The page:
In one teaspoon of healthy soil, you’ll find more organisms than there are people on earth. Keeping the ground below us healthy can trickle down into so many aspects of our lives, whether it’s from the food we eat and the animals thriving in our backyard to the availability of water.
So naturally, when millions of tons of plastic waste get thrown into landfills due to discarded packaging alone, that’s going to affect the earth. Not only will it take hundreds, or possibly up to 1,000 years to decompose, but those plastics could leach harmful chemicals into our soil. It’s also a bit of a missed opportunity—food waste accounts for 8% of emissions, and if we could compost that instead, we could reduce the methane production from food sitting in a landfill and enrich the soil.
Luckily, designers can be part of the solution. One big way they can do that is by using compostable packaging for the right kinds of products—that’s right, compostable packaging isn’t the correct choice for every item. Until now, deciding on whether or not to use compostable packs has been easier said than done, but A Plastic Planet hopes to demystify this challenge, and they’re moderating a panel this Tuesday, October 19th (11 am GMT / 6 am EST).
What’s more, they’re releasing a report, The Compostable Conundrum, on compostable packaging and when to use it.
“It was at a conference with a lot of different people within the waste management and bio-materials space that I asked, ‘Where is a list that helps people use this valuable material for the right purposes so that it will go into the right waste stream?’” explained Sian Sutherland, co-founder of A Plastic Planet. “And the pushback I got was ‘Why would we do it?’ They were in sales and didn’t think it was their place to tell people what materials they should use. And I think by doing this, you’re indirectly shooting yourself in the foot.”
Just like recycling and sustainability are complicated, nuanced topics, composting sparks just as much confusion. Consumers must first determine what can be composted at home versus what should go to a facility, and then they have to hope composting programs exist in their area. At facilities, telling the difference between conventional plastic and compostable materials is a difficult task at best—so much so that some stop accepting compostable packaging.
In 2019, Seattle’s composting program—like many cities—wouldn’t take compostable packs. So even if a designer or brand owner selected what they figured was an eco-friendly packaging solution, they may still have created trash that will end up in the landfill or the ocean. And without the particular, special conditions required to break it down, that piece of packaging will still be around for a very long time.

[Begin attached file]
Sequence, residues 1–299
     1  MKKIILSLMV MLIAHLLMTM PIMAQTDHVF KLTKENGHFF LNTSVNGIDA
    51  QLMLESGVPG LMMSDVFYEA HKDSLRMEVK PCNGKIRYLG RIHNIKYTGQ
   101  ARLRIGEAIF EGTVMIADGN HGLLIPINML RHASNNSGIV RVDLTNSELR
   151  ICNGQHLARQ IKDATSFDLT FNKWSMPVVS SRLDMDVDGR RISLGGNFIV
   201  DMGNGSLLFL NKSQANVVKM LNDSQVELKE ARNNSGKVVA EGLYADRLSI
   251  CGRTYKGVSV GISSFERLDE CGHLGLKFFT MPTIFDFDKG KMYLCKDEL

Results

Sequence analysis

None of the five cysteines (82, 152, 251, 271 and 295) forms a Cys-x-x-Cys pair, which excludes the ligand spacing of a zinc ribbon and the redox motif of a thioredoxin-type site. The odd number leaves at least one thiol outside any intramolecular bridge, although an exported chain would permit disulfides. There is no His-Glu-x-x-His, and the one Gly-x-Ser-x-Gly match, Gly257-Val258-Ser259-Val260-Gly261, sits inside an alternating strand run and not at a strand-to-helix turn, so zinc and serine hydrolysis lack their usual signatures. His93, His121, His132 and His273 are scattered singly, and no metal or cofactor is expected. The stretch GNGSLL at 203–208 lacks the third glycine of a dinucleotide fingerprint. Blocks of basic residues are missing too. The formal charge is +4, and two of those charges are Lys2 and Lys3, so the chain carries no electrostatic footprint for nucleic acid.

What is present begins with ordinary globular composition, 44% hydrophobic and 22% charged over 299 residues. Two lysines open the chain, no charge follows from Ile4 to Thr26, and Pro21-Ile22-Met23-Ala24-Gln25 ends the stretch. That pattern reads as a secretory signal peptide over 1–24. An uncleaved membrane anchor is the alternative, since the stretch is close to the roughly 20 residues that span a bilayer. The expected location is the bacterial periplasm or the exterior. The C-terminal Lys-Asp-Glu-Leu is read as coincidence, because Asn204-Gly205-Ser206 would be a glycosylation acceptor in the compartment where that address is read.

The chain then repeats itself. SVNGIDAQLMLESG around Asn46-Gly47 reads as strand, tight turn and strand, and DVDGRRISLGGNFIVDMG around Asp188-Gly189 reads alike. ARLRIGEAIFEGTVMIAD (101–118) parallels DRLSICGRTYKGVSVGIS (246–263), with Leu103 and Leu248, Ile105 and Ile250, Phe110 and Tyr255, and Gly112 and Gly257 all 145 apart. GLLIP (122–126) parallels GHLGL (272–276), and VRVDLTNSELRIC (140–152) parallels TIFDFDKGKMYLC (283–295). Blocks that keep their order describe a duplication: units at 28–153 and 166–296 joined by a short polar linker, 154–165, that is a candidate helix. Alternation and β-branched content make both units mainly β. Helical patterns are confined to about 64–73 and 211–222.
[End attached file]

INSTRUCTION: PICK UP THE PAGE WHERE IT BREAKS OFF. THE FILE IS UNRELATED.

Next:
Using research from the Food and Agriculture Organization, the Federal Public Service (FPS) Health, Food Chain Safety, and Environment, and scientific journals, A Plastic Planet’s report highlights how using compostable packaging benefits soil, reduces food waste, and helps reduce emissions. It also points out the financial benefit of compostable materials.
“At A Plastic Planet, we don’t sell stuff,” Sian said. “We sell change. And to sell change, we need to lay out very clearly why there is an environmental and economic opportunity. If you want to move business to adopt more mainstream composting materials for the right uses, then we have to point out that there is an economic opportunity.”
The Compostable Conundrum reports that a universally agreed Red & Green list to promote compostable materials for certain products could save EU States up to €1 billion every year.
Ideally, compostable materials package food items so the entire thing—both the packaging and leftover food—can go into the compost and replenish soils. When they’re used for, say, electronics or body care items, there’s a risk that non-compostable products will end up at a composting facility. That costs a lot to manage and remove. In other instances, where both compostable and non-compostable packaging materials GET used, the consumer may bundle everything together and place it in the trash. That wastes valuable compostable materials.
“We need to start thinking about packaging as something that’s permanent,” Sian added. “And it’s permanent because we produce two billion tons of waste every single year. And where does it all go when we throw things away?”
Clarity on when to use—and when not to use—compostable packaging will lead the way for change. Yes, compostable packaging is eco-friendly, but what it contains may not be. That is why things like ketchup packets, tea bags, or fruit nets should be made from this material, while cosmetics or clothing packs should not.
“The question always has to be, ‘Does it help get food waste into the food waste system?’ If the answer is no, then it’s probably the wrong use of compostable materials,” said Sian.
Designers are welcome to the panel this Tuesday—all they need to do is reach out to Esme at email@example.com for a link to join. Sian also said to reach out anytime for the first edition of The Compostable Conundrum report. As a working draft, they want to get it in the hands of designers for insight and feedback before eventually releasing the final version.
“We live in a world where we have much more transparency, and we’re much more aware,” Sian said. “And with that transparency comes a responsibility. Designers have the responsibility to ask questions, be a bit more provocative, and push back against what you fundamentally feel is not the right answer anymore.”
“You are the visioners,” added Sian. “The design community is the visioners. That’s not the brand manager’s job. So how can you do that in a compelling, convincing, and aspirational way?”